Developing new safer treatments for children with acute myeloid leukaemia

Acute myeloid leukaemia (AML) is an aggressive disease that is responsible for roughly 40% of deaths from blood cancer in children every year

Project Details

  • Project Title

    MYB-directed therapy for paediatric AML

  • Lead Researcher

    Professor Owen Williams

  • Research Centre

    UCL Cancer Institute

  • City & Institution Postcode

    London, WC1E 6JD

  • Start Date

    1 April 2024

  • Duration

    36 months

  • Grant Amount


Owen Williams researcher in white lab coat


Acute myeloid leukaemia (AML) is an aggressive disease that is responsible for roughly 40% of deaths from blood cancer in children every year. Although modern medicine has made dramatic advances in the treatment of this disease, further improvements cannot be achieved by increasing the intensity of current therapies due to the unacceptable toxicities this would entail. For this reason, research has focused on trying to block the action of different cancer genes that are responsible for this disease. However, it is known that many different cancer genes can cause AML and so a therapy that blocks the action of any one of these will only be useful in a proportion of cases. Another approach is to find cellular pathways that may be hijacked in common by the different cancer genes. Therapies designed to block these could then be used across a broad range of different AML patients. Professor Owen Williams, his team and others have shown that one such pathway does exist. It is controlled by a molecule called MYB and laboratory research has shown that blocking this pathway results in the death of blood cancer cells from different types of AML. The next step is to find safe and effective drugs that can block this pathway in children suffering from AML.

Professor Williams and his team plan to establish a new treatment for children suffering from AML, based on their recent research. This project aims to produce data that will be sufficient to initiate a phase I clinical trial for this devastating disease. The team plan to investigate in more detail the cellular mechanisms hijacked in this type of cancer and find ways in which these can be blocked. The overall goal is to develop a new and safe treatment for AML in children.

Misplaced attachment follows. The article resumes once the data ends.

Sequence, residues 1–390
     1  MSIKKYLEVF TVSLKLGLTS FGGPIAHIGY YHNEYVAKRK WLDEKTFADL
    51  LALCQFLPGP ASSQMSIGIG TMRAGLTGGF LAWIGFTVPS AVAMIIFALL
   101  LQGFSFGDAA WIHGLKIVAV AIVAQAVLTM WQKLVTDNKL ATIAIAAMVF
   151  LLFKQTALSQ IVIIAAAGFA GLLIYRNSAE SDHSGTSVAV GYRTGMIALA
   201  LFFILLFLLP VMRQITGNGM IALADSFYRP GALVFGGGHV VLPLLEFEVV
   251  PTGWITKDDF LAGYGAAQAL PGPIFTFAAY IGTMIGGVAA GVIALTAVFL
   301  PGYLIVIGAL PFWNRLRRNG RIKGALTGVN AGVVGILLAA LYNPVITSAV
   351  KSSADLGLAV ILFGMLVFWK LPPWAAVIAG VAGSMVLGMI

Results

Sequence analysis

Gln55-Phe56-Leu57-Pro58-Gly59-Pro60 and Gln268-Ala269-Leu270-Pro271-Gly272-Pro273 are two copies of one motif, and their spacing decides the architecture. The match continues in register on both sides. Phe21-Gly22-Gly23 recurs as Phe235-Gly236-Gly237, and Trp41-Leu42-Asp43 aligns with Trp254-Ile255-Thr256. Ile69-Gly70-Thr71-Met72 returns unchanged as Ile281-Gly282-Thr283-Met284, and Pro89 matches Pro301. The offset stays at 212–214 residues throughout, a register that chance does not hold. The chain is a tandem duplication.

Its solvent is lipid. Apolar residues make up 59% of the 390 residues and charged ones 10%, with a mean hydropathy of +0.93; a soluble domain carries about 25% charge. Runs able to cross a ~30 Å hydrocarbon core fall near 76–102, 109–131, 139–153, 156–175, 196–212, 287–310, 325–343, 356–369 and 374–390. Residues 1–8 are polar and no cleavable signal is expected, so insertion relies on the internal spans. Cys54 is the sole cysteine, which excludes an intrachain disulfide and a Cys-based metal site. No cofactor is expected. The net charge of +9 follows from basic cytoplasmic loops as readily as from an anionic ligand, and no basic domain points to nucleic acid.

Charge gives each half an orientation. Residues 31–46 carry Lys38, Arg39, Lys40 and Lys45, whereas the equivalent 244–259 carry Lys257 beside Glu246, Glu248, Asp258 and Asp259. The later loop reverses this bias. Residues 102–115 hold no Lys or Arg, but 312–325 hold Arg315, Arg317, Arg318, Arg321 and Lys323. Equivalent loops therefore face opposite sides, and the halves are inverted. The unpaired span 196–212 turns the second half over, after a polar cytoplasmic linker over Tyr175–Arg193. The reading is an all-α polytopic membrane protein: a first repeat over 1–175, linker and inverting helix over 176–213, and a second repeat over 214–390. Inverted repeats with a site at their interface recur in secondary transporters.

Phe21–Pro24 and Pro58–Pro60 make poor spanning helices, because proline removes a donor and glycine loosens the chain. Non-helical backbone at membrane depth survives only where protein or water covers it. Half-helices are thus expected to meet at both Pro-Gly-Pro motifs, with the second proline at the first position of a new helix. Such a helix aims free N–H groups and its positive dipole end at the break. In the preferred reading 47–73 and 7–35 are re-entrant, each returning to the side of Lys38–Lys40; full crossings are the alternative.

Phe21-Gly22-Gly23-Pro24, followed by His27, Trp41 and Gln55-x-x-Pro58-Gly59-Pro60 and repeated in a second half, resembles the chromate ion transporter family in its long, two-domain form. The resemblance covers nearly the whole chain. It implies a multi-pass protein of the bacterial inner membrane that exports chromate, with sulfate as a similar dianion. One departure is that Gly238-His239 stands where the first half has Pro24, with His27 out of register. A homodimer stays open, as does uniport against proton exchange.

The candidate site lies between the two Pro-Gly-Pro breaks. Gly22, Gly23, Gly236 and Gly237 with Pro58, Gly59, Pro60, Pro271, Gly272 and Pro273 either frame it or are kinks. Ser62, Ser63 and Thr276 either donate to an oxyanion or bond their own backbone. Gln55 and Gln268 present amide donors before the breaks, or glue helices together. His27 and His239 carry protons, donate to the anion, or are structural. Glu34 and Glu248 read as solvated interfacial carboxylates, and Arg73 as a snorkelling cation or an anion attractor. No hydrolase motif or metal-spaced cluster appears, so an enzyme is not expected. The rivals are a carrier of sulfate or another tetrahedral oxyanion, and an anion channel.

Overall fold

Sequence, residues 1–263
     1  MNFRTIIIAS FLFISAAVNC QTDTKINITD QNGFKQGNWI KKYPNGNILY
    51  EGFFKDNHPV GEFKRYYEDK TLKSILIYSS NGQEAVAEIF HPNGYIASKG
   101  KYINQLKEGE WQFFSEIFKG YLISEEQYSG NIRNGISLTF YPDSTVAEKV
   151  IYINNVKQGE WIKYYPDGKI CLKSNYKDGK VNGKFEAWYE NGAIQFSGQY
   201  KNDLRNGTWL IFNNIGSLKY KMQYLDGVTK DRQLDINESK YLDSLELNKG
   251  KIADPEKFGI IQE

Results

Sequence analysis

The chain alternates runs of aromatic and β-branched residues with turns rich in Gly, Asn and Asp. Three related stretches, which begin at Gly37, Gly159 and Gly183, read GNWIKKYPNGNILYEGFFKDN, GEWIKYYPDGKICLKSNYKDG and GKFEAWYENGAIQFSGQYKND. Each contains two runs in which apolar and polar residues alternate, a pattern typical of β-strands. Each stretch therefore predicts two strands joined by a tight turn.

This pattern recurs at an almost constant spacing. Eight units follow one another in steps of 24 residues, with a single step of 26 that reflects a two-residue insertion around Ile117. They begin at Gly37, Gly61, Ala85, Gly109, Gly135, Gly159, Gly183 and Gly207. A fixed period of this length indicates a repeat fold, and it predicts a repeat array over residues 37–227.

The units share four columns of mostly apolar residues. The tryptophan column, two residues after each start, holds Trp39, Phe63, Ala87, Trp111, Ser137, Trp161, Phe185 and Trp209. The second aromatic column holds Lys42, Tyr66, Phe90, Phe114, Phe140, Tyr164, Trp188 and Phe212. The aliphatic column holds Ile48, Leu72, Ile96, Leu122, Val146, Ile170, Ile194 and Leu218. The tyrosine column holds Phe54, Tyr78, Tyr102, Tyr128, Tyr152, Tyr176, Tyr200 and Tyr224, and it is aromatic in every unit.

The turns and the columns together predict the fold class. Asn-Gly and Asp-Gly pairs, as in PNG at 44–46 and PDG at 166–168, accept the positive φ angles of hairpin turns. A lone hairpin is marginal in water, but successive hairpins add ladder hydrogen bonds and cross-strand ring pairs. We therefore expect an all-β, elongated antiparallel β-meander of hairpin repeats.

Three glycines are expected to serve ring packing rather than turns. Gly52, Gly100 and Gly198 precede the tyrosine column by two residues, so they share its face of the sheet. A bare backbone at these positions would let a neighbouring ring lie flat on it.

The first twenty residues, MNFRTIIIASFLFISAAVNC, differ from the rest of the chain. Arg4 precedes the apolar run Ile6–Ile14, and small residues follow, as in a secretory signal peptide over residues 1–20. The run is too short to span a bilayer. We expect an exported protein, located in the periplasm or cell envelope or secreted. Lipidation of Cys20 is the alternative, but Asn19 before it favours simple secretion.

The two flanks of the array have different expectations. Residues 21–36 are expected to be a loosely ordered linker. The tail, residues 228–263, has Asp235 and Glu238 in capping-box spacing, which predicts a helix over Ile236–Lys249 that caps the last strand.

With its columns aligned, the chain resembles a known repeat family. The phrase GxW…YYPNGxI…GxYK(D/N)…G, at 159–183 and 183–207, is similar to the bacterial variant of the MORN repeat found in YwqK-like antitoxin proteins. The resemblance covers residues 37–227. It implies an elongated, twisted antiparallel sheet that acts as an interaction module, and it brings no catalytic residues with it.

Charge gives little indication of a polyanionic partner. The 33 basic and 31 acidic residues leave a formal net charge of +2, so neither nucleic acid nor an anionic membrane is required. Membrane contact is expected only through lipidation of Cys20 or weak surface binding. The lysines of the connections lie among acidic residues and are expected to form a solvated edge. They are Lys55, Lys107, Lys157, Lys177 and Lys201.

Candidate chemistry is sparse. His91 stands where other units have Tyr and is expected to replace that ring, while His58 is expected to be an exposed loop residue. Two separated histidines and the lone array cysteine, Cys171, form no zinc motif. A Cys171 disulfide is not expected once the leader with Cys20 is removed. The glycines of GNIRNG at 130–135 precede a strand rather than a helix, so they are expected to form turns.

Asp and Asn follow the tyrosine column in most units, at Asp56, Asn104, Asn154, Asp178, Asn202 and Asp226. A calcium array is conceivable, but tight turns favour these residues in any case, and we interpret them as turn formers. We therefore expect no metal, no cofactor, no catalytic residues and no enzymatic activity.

The team have recently published research showing that the drug mebendazole, which is used in millions of children worldwide to treat parasitic worm infections, kills AML cells by blocking the action of MYB. They are currently working out how mebendazole can be used in the clinic by testing which of the current AML treatments it can be used together with. This project is based on further research that undertaken looking at ways in which AML cells can resist mebendazole. This work found two pathways that can be safely controlled to increase the killing of AML cells by mebendazole. Professor Williams and his team propose testing these modified treatments in a broad range of blood cancer cells from different types of AML. They also plan to continue their work at finding new ways in which to improve the effectiveness of mebendazole in treating AML in children. Since there are many laboratories and companies that are developing new treatments that block the action of MYB, the team also plan to use a laboratory model to find cellular pathways in AML cells that affect their ability to grow and survive when MYB is blocked.

What difference will this project make?

This research is crucial to the rapid translation of mebendazole into the clinic for children suffering from AML but also to any new therapy that emerges in the near future designed to block MYB in AML. This project aims to produce sufficient evidence to support the start of a Phase I clinical trial for mebendazole, in combination with other treatments, in children suffering from AML. If this is successful, it will make an impact on the treatment of these children, potentially improving their treatment outcomes without increasing the toxicities they are exposed to.

About the Research Team

Professor Owen Williams, has run a research group in the UCL Great Ormond Street Institute of Child Health (UCL GOS ICH) for over 20 years, investigating how blood cancer forms in children and how this knowledge can be used to design new treatments for this disease. His group works in close collaboration with clinical colleagues in both Great Ormond Street Hospital (GOSH) and University College London Hospital (UCLH) to identify new suitable treatments that can be safely used in children with AML.

The co-applicants on this project, Dr David O’Connor (GOSH, UCL Cancer Institute), Dr Jack Bartram (GOSH) and Dr Rob Sellar (UCLH, UCL Cancer Institute) are consultant haematologists and clinical scientists with first hand expertise in treating children with AML and in laboratory research techniques that are vital for this project.

The team will also collaborate with Professor Marc Mansour (UCL GOS ICH, UCL Cancer Institute, UCLH) who is a group leader and consultant haematologist, who’s laboratory and clinical expertise will also be vital for this project. This team already works together and has made important contributions to the study, diagnosis and development of treatments for children and young adults suffering from blood cancer.

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